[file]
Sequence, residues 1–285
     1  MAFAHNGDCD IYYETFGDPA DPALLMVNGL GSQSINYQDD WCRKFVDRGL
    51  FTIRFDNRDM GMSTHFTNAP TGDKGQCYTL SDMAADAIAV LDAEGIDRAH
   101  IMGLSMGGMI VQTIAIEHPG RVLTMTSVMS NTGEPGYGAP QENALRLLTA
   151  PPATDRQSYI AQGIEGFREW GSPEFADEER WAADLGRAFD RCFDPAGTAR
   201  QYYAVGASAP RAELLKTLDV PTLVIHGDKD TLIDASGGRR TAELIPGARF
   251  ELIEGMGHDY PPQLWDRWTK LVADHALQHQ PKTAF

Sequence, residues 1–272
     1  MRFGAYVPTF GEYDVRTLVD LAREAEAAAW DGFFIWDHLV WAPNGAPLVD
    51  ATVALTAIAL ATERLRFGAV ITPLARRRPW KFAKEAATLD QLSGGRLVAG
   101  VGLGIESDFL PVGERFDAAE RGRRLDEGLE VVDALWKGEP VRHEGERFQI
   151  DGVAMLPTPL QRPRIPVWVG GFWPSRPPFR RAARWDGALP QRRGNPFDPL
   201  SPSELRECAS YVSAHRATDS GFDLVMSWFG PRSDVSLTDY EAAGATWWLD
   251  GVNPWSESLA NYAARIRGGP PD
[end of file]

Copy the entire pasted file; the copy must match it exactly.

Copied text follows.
Sequence, residues 1–285
     1  MAFAHNGDCD IYYETFGDPA DPALLMVNGL GSQSINYQDD WCRKFVDRGL
    51  FTIRFDNRDM GMSTHFTNAP TGDKGQCYTL SDMAADAIAV LDAEGIDRAH
   101  IMGLSMGGMI VQTIAIEHPG RVLTMTSVMS NTGEPGYGAP QENALRLLTA
   151  PPATDRQSYI AQGIEGFREW GSPEFADEER WAADLGRAFD RCFDPAGTAR
   201  QYYAVGASAP RAELLKTLDV PTLVIHGDKD TLIDASGGRR TAELIPGARF
   251  ELIEGMGHDY PPQLWDRWTK LVADHALQHQ PKTAF

Sequence, residues 1–272
     1  MRFGAYVPTF GEYDVRTLVD LAREAEAAAW DGFFIWDHLV WAPNGAPLVD
    51  ATVALTAIAL ATERLRFGAV ITPLARRRPW KFAKEAATLD QLSGGRLVAG
   101  VGLGIESDFL PVGERFDAAE RGRRLDEGLE VVDALWKGEP VRHEGERFQI
   151  DGVAMLPTPL QRPRIPVWVG GFWPSRPPFR RAARWDGALP QRRGNPFDPL
   201  SPSELRECAS YVSAHRATDS GFDLVMSWFG PRSDVSLTDY EAAGATWWLD
   251  GVNPWSESLA NYAARIRGGP PD